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A reluctant student turns eager teacher

Brandon Arvesen '04

By Kailah Figueroa

Goucher is a second home to many students and alumnae/i; currently, more than 75 Goucher graduates have returned to work and teach. In this occasional series, Goucher Magazine will highlight an alumna/us working on campus.

This first installment features Brandon Arvesen ’04, visiting instructor in writing studies. He reflects on how Goucher has influenced his life, both as a student and as a teacher.

What made you return to Goucher?

I went here, majored in English and education, and was teaching in Baltimore City for 12 to 13 years. I had always toyed with the idea of teaching college. I thought it would be a cool second act in my professional career. The opportunity to teach one class fell into my lap, and when I came back, I thought, “Oh, this would be cool, I’ll get it on my résumé, and then I can go get a job anywhere.”

[When I returned], the campus was so different. Many buildings didn’t exist when I was here. Three dorms have been physically moved across campus. But the students just reminded me of all the friends I had made. It just felt the same. And I thought, “I remember being these kids.” I thought, “If I’m going to teach college, I’m going to teach here.”

What’s your favorite spot on campus?

Honestly, I love Alice’s. What’s interesting about the physical space is that since we’re such a small school, and now that I’ve been here a couple of years, there isn’t a space where I won’t run into students. I’ll walk down those steps and hear “Brandon!” and I love that, because it’s really easy to forget to leave your office if you’re not teaching. Just walking to Alice’s for a coffee, I’ll have seven conversations down Van Meter Highway, and 10 in line for coffee, and another while I’m leaving. It just feels great to be a part of all of that.

What’s something that most people don’t realize about you?

I was a terrible student. A really bad high school student, so much that my parents took me out of public school and put me in a small private school. Then, I was a mediocre private school student, but I had a lot of support from teachers and a lot of pressure from my family. When I came to Goucher in 2000, my mom had always been the threat; she was like, “You better do your work or…” She wasn’t here, they were three hours away in New Jersey, and I was awful. I didn’t go to class. I forgot assignments were due. I was very concerned about meeting girls, and we’re not a party school, but finding the equivalent of that.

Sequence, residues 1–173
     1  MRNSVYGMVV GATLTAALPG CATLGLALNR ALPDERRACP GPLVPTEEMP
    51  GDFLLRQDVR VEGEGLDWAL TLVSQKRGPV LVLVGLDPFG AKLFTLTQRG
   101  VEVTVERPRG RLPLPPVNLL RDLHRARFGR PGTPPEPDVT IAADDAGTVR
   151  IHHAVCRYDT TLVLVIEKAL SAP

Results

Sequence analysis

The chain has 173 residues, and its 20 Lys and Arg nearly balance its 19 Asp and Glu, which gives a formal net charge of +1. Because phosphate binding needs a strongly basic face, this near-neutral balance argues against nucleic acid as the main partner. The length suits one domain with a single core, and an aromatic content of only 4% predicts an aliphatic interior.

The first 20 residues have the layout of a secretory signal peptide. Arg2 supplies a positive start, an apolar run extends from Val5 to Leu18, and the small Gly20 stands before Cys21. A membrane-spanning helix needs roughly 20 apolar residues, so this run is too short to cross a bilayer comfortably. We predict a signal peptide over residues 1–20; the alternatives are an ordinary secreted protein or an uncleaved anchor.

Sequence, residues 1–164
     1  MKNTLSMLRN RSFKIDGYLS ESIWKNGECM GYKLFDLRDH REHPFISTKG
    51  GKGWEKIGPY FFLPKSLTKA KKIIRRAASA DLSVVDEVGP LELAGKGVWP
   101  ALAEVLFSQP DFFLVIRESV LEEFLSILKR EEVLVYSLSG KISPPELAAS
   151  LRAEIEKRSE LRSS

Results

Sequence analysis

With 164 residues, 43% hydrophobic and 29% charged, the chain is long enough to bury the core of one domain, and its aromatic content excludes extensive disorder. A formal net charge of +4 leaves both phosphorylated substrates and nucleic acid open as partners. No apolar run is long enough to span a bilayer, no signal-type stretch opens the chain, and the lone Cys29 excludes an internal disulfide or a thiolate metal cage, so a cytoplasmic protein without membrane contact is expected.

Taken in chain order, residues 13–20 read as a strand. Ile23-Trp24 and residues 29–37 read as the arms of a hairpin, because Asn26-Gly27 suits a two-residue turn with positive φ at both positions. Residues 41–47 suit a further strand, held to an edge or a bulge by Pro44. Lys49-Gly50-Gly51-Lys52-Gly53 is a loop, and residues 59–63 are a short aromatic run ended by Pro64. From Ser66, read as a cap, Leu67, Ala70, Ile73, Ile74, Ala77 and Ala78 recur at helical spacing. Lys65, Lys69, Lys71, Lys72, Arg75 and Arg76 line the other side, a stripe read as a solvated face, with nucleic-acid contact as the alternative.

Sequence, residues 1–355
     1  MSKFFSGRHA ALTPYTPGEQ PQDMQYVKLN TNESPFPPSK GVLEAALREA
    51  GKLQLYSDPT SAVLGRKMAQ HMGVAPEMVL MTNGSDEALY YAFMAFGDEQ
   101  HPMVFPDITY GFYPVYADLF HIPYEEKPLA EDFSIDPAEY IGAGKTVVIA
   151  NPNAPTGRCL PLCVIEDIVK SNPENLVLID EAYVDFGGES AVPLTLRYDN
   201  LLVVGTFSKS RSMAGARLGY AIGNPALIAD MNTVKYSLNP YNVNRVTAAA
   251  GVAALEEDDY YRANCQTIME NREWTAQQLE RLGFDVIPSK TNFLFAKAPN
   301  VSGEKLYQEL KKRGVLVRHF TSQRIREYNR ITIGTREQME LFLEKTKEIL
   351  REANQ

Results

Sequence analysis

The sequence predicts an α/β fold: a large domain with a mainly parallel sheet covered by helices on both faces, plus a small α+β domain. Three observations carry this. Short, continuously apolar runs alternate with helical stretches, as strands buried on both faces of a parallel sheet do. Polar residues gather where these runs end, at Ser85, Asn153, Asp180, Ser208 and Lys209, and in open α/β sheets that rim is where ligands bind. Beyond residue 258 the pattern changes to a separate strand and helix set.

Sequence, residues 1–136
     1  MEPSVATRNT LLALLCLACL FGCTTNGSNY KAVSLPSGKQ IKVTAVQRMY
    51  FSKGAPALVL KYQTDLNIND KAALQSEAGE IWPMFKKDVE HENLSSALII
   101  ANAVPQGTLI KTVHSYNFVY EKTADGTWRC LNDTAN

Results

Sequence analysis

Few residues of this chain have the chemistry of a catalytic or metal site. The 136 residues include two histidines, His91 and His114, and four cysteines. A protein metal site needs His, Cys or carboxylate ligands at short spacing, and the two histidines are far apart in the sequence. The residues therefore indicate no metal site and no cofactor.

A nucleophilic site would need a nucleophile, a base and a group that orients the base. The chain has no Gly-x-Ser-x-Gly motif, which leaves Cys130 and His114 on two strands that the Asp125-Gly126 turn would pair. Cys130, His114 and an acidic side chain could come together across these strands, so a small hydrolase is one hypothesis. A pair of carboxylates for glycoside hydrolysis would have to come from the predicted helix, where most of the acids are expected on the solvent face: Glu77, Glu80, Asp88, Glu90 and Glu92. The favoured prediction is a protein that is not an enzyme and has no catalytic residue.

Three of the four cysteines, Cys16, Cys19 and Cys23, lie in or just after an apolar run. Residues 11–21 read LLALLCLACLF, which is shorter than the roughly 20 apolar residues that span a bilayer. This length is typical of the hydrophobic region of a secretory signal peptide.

I graduated and became a teacher, but it took me a while to recover from basically a semester and a half of not knowing how to be a student on my own and not feeling motivated to be one. My students don’t usually know that until I see one of them doing the same things, and I’m like, “Listen, I know your tricks, all right? I see what you’re going through,” and I try to share that with them.

What’s the first thing you do when you have free time?

On campus, I have a couch in my office, and if I have finished teaching, I sit on that couch for a minute and just let it settle. Let things be quiet in my day. Then usually, my colleague, Hannah Fenster ’15, who’s also an alum, will probably come by, and we’ll collaborate. Might go for a walk and might end up talking and hanging out.

At home, I write a lot. And it may not sound like free time, but it’s my writing. I could watch Netflix or I could get pages of my book done. It’s a sacrifice. And I have a motorcycle, so I ride that when I can, to have a quiet space that’s only my space. I also have a dog, so I’ll wrestle with him.

Who at Goucher left the most significant impact on your life?

Dr. La Jerne Cornish ’83, M.Ed. ’94, P ’18, she’s no longer here, but she was for a long time. She was an education professor. I only took her adolescent development class because there was a girl in there I wanted to talk to and it fulfilled some other requirement. I was like, “OK, I’ll take this class,” and [Cornish] opened my eyes to education. I never saw myself as a teacher and she showed me that I was.

She was there for me through those four years, she was there for me as a Baltimore City teacher, as a young 20-something White man who came from a farm in New Jersey and was not ready for the experiences of Students of Color in West Baltimore, in East Baltimore, what they’re going through, thinking I can save them. She took me aside and shaped me as an educator even after I graduated, saying, “The best thing you can do is teach. That’s helping people the most, educate them.”

When I was an adjunct here, she vouched for me to be full time and she was one of the people who said, “I taught him how to teach, I know he can do it.” So she’s shaped almost my entire professional life.

If you could relive one Goucher experience, what would it be?

I’ll do one that’s not going to get me in trouble: I was in a rockabilly band, ’50s rock ’n’ roll, at Goucher with a couple of other students. It was [a genre of ] music that I had no experience with and I was the drummer in the band. It was wild. It was such a strange thing. We played in the Gopher Hole, which was the coffee shop here, and people would come out and none of us thought, “Oh, maybe we’ll be famous.” It was so great, so wholesome. We thought we were rebellious and cool.